A second issue in the literature is that depression, whether conceptualized as a syndromal entity or symptom continuum, has at best explained only a modest portion (<5%) of variance in diabetes outcomes (3). However, certain patient characteristics might modify this effect. In particular, recent preliminary studies (10,11) suggest that depression has a more potent role among patients who are prescribed insulin. For example, perhaps the need for insulin represents a psychological threat related to injection performance anxiety, needle phobia, fear of hypoglycemia, concerns about how others will react to injections, and worries about diabetes severity and progression (12). Additionally, insulin regimen tasks (e.g., glucose monitoring, dosage adjustment) may be easily disrupted by depressive symptoms such as apathy and impaired task initiation. Therefore, the current study also aimed to build upon existing work by testing whether insulin use strengthens any longitudinal associations between depression and glycemic control.

RESEARCH DESIGN AND METHODS

Potential participants were identified using the administrative and clinical databases of a large Midwestern urban health care system. Eligible patients had type 2 diabetes as indicated by at least one of the following: 1) at least one hospitalization with a diabetes-related ICD-9 code (250.x, 357.2, 362.0, or 366.41), 2) at least two outpatient visits with a diabetes-related ICD-9 code, or 3) at least one prescription for a glucose control medication or monitoring supplies, being between 18 and 80 years of age, and being able to complete self-report instruments. Type 1 diabetes was further ruled out through medical record review and telephone screening by research staff.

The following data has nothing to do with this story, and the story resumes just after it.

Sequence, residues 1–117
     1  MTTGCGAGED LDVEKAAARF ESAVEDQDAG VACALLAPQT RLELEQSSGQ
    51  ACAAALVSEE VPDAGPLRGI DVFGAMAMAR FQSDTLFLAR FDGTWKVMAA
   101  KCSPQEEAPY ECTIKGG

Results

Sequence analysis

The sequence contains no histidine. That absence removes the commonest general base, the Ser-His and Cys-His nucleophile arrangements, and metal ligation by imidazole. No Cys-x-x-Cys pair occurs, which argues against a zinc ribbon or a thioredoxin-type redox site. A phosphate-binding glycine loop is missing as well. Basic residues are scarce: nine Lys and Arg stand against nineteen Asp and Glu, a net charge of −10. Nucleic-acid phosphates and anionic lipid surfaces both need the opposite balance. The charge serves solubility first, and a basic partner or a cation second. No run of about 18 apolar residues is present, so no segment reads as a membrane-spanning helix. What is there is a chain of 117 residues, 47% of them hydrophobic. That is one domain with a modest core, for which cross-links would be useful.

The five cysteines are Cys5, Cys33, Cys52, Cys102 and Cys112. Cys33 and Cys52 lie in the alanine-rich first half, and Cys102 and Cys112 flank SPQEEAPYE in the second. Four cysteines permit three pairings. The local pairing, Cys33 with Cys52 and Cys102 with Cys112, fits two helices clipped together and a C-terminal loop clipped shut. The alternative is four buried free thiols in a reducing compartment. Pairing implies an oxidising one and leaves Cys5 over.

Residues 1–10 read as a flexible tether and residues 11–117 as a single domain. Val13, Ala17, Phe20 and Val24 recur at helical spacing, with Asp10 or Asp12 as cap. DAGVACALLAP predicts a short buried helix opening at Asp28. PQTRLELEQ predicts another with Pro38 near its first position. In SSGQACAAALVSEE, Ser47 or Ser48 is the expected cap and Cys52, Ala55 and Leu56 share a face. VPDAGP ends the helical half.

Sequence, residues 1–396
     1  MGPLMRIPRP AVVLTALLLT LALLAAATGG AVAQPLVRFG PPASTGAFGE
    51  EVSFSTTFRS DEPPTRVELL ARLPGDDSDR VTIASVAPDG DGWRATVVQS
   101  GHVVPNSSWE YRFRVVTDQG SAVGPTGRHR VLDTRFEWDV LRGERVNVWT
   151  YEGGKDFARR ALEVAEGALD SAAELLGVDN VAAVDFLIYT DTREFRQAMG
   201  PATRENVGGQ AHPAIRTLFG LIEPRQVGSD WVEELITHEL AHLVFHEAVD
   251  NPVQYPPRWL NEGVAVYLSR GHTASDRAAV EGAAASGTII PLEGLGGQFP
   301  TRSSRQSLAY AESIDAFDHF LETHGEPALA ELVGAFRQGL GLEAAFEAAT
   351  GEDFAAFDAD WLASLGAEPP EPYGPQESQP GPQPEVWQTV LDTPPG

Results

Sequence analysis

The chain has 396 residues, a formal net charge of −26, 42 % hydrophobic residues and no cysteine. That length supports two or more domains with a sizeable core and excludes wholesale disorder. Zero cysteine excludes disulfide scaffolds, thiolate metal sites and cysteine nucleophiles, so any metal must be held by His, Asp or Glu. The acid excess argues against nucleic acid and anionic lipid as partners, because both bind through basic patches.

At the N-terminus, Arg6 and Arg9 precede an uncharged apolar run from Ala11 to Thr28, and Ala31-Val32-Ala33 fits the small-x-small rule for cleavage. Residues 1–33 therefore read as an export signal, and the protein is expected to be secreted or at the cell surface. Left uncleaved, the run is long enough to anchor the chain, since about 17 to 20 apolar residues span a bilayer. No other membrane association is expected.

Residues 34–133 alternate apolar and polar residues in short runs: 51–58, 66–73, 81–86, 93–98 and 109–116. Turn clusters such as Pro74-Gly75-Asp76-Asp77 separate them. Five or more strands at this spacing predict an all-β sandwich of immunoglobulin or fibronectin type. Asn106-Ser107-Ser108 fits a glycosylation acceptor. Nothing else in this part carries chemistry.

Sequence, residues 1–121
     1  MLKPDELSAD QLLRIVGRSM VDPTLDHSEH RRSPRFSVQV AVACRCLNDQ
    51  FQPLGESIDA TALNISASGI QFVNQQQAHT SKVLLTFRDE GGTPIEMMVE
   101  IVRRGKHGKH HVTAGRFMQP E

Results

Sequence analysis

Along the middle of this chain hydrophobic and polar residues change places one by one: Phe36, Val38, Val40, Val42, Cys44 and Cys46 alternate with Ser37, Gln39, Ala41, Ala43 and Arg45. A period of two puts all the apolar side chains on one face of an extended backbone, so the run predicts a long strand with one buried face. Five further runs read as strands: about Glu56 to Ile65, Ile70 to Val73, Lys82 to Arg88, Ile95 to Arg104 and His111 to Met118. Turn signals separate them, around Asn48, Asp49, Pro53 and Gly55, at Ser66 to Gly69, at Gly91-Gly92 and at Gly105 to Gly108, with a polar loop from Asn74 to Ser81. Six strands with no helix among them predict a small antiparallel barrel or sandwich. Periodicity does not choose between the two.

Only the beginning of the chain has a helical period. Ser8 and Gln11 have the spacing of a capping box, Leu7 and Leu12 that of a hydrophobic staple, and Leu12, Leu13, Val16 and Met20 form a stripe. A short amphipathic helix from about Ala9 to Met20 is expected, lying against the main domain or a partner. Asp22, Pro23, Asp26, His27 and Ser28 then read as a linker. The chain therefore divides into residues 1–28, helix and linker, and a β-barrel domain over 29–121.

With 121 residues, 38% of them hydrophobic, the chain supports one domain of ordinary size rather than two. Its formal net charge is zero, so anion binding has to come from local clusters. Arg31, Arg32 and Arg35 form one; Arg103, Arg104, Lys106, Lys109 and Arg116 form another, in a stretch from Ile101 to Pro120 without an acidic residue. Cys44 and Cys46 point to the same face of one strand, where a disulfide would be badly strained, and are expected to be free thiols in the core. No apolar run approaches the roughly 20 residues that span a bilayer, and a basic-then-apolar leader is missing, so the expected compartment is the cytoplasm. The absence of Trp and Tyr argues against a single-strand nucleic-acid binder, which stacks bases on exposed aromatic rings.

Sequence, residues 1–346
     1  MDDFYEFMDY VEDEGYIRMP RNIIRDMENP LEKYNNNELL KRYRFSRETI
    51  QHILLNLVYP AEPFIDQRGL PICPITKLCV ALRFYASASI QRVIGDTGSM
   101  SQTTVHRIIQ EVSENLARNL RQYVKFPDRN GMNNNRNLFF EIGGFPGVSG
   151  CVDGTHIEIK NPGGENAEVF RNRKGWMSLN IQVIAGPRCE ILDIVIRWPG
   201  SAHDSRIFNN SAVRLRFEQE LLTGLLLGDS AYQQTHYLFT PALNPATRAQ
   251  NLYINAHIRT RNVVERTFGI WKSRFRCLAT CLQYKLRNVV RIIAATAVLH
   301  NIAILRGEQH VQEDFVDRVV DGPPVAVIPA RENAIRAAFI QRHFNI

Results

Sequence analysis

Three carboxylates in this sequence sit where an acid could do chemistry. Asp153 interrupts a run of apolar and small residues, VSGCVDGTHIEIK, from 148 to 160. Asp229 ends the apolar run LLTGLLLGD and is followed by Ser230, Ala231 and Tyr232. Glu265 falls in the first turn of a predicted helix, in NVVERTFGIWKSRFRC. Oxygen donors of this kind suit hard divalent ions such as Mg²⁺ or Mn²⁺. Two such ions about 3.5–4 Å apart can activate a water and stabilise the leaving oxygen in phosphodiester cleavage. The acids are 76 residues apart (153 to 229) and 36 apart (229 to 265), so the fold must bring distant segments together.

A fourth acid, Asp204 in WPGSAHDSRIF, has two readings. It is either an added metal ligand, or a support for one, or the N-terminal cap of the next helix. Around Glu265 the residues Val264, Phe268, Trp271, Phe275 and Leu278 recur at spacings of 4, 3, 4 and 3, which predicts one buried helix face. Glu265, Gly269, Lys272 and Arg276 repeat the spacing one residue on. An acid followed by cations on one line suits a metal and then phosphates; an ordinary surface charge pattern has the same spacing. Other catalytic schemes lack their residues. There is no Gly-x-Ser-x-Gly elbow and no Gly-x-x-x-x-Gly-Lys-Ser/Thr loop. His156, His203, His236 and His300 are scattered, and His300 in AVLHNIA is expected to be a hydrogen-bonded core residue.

Following an institutional review board–approved protocol, eligible patients were mailed a study invitation letter followed by a recruitment telephone call from research staff for further screening and enrollment scheduling. After informed consent, participants attended research appointments at baseline and 6 months later for assessment of depressive symptoms, glycemic control, and other variables.

The presence of probable depressive disorder was assessed with the Patient Health Questionnaire-9 (PHQ-9), upon which respondents indicated “how often, over the last two weeks, were you bothered by any of the following problems?” for each of nine depressive symptoms included in the DSM-IV criteria for depressive episodes paired with a four-point scale ranging from “not at all” to “nearly every day.” The PHQ-9 is 88% sensitive and 88% specific for interview-detected major depression in medical patients (13). Participants were classified as either depressed or not using the established cutoff of PHQ-9 total ≥10. Glycemic control (A1C) was measured with the DCA 2000 (GMI, Ramsey, MN), which analyzes capillary blood samples through a monoclonal antibody method. Comorbid medical illness was assessed by abstracting electronic medical records using a checklist of 13 common medical illnesses used in prior primary care studies (14,15), and the presence of diabetes complications was measured using a standard self-report checklist of visual, cardiovascular, kidney, genitourinary, and other common diabetes complications taken from the validated Diabetes Care Profile (16). Participants classified themselves using U.S. Census racial/ethnic categories. Socioeconomic status (SES) was assessed using the U.S. Census Bureau Index of Socioeconomic Status (17) adjusted for current regional Consumer Price Index.

Data analysis